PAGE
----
Arts and Culture

Gymnastics and ‘Hava Nagila’: the best of

NEW YORK (JTA) — Not all “Hava Nagila” routines are created equal. Here are five routines performed to different versions of the Jewish folk tune by notable gymnasts:

Lilia Podkopayeva (Ukraine), 1994 World Championships in Brisbane, Australia

The future 1996 Olympic champion uses “Hava Nagila” in the all around and on floor exercise. Though Podkopayeva is well known and beloved among gymnastics fans for her pristine form and ballet technique, the song doesn’t serve her as well in this routine as in other performances in which her perfectly held upright carriage and toe point work better with the music. Also, what was with the abrupt music change at the end? Podkopayeva has new music choreography for the latter half of 1994 and wins Olympic gold with a balletic routine set to “Figaro.”

Ekaterina Lobazynuk (Russia), at the team finals of the 2000 Olympics

Though Russia is disappointed with the silver medal in the team competition, this routine does not disappoint the crowd or fans, who consider it to be one of the best performances of the Games.

Gael Mackie (Canada), at the 2004 Trophee Massilia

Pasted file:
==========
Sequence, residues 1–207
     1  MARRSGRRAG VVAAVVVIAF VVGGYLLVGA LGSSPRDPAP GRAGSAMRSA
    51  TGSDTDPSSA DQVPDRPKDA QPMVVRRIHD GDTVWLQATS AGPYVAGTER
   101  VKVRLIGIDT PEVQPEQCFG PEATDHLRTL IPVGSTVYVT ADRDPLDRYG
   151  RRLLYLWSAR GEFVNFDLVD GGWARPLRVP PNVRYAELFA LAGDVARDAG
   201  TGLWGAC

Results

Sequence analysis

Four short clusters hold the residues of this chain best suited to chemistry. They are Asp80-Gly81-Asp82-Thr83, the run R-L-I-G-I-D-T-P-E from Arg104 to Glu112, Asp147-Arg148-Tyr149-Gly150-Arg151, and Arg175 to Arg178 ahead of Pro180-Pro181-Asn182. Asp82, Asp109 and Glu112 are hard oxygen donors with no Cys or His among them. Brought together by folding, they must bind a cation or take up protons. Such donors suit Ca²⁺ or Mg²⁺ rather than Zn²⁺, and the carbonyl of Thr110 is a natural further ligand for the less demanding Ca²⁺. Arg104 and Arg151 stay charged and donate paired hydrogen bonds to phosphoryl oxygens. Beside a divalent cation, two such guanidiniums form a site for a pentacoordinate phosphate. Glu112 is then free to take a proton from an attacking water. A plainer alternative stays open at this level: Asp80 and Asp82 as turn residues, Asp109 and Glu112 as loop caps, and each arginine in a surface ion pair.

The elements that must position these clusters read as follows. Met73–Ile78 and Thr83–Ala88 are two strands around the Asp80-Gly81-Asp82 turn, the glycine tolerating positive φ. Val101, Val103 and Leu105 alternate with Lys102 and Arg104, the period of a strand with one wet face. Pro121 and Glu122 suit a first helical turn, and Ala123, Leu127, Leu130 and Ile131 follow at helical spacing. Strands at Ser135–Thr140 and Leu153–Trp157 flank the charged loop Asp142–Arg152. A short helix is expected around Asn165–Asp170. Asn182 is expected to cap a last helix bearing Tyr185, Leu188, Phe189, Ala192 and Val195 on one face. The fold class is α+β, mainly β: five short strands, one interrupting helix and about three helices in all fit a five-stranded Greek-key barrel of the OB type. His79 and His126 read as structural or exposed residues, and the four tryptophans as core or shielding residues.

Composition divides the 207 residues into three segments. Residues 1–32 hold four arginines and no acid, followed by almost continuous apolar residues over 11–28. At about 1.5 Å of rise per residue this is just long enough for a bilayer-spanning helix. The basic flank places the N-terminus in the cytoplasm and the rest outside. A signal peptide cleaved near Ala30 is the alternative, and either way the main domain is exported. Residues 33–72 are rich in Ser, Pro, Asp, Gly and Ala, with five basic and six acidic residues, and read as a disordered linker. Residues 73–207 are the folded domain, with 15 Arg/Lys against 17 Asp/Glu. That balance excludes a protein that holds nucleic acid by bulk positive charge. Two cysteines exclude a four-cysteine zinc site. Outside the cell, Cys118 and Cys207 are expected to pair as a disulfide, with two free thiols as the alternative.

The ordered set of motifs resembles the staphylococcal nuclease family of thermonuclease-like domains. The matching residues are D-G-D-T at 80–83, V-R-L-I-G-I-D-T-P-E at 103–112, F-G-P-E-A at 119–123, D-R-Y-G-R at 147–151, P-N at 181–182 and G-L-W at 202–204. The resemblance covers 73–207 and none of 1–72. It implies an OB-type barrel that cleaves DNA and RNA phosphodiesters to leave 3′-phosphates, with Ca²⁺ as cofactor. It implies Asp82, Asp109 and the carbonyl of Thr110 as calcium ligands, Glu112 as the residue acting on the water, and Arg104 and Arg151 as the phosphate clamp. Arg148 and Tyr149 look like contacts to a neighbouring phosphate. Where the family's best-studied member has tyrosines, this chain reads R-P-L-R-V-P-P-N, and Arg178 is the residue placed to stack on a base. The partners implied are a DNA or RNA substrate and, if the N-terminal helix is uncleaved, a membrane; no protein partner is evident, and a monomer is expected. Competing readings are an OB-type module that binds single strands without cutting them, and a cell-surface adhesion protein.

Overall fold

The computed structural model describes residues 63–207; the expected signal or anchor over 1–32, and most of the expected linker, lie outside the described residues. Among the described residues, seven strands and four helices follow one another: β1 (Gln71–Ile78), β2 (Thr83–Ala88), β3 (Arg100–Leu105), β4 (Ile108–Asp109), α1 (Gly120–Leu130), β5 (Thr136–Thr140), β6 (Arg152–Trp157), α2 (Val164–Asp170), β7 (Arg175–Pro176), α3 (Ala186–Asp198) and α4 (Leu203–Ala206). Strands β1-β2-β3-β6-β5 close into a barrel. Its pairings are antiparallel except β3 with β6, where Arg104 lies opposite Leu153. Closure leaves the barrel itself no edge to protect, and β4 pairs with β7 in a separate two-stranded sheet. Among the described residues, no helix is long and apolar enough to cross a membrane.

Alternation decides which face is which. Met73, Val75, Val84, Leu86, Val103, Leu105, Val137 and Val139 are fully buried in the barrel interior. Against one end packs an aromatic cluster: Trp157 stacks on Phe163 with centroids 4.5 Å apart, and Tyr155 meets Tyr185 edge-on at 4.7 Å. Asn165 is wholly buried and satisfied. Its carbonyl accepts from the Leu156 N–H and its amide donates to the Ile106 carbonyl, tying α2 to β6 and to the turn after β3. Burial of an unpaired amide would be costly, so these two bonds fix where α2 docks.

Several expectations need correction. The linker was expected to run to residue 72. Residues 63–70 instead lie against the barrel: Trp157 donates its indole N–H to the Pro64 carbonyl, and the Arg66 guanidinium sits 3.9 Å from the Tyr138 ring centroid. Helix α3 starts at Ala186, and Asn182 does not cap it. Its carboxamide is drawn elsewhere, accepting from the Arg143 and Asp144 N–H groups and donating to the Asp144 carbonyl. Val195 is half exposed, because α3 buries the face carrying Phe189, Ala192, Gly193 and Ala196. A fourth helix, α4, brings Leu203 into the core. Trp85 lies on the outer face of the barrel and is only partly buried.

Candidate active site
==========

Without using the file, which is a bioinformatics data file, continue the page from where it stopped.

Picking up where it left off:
The Canadian national champion and 2004 Olympian performs to the same cut of “Hava Nagila” as Lobaznyuk, with nearly the same dance moves. Stealing? No — the routine was given to her by Ludmila Leontyevna, Lobazynuk’s mother and coach, who immigrated to Canada with her Olympian daughter after the 2000 Games and ends up working with Mackie. (See? It’s not just the Jewish world that is exceedingly small.)

Sandra Izbasa (Romania), at the 2010 World Championships in Rotterdam, the Netherlands

The 2008 Olympic champion performs to a folk music medley with “Hava Nagila” bookending the routine. Izbasa gets the best audience participation (i.e. clapping) when she dances to the sounds of the traditional Chasidic niggun.

Alexandra Raisman (United States), 2011 Cover Girl Classic

It’s the first time that Raisman performs the routine outside of the gym and training camps. Though her nerves show a bit and she steps out of bounds, the new music and routine achieve what she had hoped for — the crowd is clapping along.